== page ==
GOPIZZA has four core technologies: food ingredients, mechanics, AI, and robotics.

It’s also interesting that you can track ingredients with your AI tech, so you basically get live data about ingredient use from any store, anywhere.

We are in the stage of rolling out our AI Smart Topping Table. The primary goal of the AI Smart Topping Table is first to train new crew as the restaurant business has a high turnover, and training the new crews with the topping takes the most time and labour. So when you have a person quitting, you usually have to have another crewmember training a new replacement – this is why there is a lot of ‘leakage’ regarding labour inefficiency in the fast food business. So, we want to train them with AI. The second part is the topping, which we can measure to ensure every pizza gets the right amount of ingredients.

Jay Lim with GOVEN Mini

GOVEN Mini for convenience stores

Can you speak about the GOVEN Mini, which is now rolling out in GS254 stores in South Korea?

The GOVEN Mini is a compact oven designed by the GOPIZZA Food Tech Lab to maintain the taste and quality of GOPIZZA, even in the limited spaces of GS25 convenience stores. Roughly the size of a coffee machine, it has obtained KC certification in Korea and can bake a frozen GOPIZZA to crispy perfection in about 5 minutes at approximately 220°C. This mini oven is the culmination of our expertise in oven design and production from previous models, combined with our “parbaked” dough technology. It is the most efficient and unique “total pizza solution” in the market, setting us apart from other pizza brands.

How did GOPIZZA come up with the design of the GOVEN Mini?

We needed an oven that could function in spaces as small as 3 square metres(m²), like those in GS25 stores. We tested all existing small ovens but encountered issues such as long cooking times and lack of crispiness, and then realised the necessity of creating a specialised small pizza oven ourselves.

What was the R&D process for GOPIZZA’s GOVEN Mini like?

The R&D process for the GOVEN Mini was incredibly demanding and challenging. Securing a contract with GS25 to open 1,000 stores in almost a six-month timeframe required us to scale up production significantly. Besides the production capacity, another major challenge was obtaining the KC certification in three months, when this process typically takes six to twelve months.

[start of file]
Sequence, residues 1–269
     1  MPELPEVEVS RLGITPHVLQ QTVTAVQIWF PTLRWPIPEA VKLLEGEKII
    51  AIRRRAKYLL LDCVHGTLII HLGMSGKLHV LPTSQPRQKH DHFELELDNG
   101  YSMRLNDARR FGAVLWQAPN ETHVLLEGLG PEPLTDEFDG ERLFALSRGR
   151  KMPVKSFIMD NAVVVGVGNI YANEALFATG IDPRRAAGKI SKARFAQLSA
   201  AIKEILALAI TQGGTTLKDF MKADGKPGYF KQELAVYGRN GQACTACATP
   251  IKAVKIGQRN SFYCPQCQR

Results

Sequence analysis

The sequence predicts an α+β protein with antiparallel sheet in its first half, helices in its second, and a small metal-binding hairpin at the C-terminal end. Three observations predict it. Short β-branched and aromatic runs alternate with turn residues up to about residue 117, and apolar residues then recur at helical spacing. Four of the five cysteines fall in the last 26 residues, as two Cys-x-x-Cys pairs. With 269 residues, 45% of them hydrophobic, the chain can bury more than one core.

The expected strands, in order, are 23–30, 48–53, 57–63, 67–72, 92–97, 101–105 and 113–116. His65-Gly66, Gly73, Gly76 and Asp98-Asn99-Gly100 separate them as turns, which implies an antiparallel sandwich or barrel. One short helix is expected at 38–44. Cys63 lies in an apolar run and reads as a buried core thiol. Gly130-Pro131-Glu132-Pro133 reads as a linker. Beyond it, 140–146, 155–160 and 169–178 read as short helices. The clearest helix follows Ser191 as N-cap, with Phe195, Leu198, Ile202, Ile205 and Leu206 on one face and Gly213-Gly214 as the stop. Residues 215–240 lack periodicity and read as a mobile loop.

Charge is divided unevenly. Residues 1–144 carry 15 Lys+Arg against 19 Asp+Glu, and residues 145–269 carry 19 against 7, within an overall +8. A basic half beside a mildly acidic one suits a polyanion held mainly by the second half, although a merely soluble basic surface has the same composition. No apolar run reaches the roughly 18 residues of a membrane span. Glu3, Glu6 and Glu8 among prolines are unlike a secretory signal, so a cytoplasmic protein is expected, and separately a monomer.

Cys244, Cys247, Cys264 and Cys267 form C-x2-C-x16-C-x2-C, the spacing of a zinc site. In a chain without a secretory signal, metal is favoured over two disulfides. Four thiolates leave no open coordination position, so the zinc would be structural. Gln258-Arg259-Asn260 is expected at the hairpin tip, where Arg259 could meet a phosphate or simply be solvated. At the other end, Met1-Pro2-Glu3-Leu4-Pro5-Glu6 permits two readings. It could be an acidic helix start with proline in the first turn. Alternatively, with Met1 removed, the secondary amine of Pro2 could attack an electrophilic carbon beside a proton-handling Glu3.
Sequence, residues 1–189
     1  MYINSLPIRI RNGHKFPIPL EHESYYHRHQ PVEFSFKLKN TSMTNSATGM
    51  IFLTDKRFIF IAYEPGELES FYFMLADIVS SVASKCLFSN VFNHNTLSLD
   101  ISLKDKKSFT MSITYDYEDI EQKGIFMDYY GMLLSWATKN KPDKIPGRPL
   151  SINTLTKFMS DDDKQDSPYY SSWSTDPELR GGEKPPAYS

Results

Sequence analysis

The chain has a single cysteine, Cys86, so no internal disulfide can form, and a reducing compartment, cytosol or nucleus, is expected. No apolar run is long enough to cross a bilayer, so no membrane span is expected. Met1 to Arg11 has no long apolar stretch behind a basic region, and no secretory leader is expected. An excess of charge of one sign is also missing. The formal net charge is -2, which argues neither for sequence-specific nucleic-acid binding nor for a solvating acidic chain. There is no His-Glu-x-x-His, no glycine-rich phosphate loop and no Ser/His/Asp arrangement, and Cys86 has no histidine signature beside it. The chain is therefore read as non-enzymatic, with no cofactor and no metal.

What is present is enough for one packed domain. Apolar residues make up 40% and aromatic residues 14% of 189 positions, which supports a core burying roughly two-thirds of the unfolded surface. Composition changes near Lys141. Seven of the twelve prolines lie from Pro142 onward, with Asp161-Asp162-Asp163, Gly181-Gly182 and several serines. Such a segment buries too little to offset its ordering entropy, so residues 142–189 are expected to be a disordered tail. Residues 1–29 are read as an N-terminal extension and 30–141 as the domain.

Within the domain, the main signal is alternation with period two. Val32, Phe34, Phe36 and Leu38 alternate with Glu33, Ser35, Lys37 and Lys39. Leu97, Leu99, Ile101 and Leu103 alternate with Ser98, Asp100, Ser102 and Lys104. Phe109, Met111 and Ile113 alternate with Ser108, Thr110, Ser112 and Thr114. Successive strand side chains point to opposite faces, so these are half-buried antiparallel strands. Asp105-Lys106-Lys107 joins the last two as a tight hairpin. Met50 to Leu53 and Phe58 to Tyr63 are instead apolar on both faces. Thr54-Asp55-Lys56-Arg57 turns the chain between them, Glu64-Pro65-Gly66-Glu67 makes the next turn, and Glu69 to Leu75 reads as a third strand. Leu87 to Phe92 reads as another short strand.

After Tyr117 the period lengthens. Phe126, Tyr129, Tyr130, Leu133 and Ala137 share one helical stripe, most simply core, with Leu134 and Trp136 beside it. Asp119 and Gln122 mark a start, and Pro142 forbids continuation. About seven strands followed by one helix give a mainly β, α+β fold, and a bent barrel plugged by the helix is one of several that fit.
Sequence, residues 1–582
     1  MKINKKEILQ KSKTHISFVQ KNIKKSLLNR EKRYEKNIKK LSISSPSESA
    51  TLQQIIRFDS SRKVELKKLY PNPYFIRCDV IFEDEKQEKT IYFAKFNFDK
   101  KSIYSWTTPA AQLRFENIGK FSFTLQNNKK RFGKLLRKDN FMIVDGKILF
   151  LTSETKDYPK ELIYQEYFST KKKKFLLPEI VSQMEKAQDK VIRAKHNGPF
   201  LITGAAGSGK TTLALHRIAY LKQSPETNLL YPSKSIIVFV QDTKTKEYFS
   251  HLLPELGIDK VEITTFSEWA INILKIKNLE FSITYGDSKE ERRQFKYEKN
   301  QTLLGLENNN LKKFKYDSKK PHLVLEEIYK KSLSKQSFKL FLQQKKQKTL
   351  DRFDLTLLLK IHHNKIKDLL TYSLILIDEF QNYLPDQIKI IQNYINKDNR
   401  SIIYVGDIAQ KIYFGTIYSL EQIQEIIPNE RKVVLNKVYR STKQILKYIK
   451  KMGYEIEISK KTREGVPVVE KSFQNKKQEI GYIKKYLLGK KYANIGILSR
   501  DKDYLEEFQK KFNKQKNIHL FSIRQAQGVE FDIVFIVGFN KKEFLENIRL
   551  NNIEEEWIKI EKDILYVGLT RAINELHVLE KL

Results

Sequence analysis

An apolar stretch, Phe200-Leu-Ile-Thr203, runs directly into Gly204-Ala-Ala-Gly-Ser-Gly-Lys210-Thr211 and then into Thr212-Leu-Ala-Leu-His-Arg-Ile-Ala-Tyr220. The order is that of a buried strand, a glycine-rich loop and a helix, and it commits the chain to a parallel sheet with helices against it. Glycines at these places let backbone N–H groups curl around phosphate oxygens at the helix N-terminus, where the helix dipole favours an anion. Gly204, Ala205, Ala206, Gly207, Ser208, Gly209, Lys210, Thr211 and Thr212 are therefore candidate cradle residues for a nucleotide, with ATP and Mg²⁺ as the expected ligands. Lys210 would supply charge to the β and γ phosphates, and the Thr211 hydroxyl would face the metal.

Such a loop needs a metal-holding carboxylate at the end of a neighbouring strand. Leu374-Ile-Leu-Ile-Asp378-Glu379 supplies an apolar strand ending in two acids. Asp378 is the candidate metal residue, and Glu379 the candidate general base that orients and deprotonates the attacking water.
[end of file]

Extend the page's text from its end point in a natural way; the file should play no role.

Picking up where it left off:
GS25 staff serving GOPIZZA

Integrating AI into every pizza

Could Jay share any key lessons from integrating AI into GOPIZZA?

Many food tech companies have attempted to implement AI solutions. Still, few have successfully integrated them into everyday operations due to high initial costs and the complex environment of busy kitchens.

We’ve been working on integrating our AI Smart Topping Table technology for several years, improving the AI’s learning data and recognition capabilities and are now close to full-scale implementation. From our 450 Quick Service Restaurant (QSR) stores, we have amassed a vast library of pizza images for AI learning, encompassing real-world restaurant operations and variables, making this data highly valuable.

Our AI technology will enable new employees to consistently make perfect pizzas under AI guidance, allow headquarters to track and manage the quality of pizzas made in stores worldwide, and streamline the training for new recipes without the need for extensive in-person instruction.

This comprehensive approach ensures that our AI integration is both practical and revolutionary, positioning GOPIZZA at the forefront of food tech innovation.

All Images: GOPIZZA

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Vulcan Post aims to be the knowledge hub of Singapore and Malaysia.

© 2021 GRVTY Media Pte. Ltd.
(UEN 201431998C.)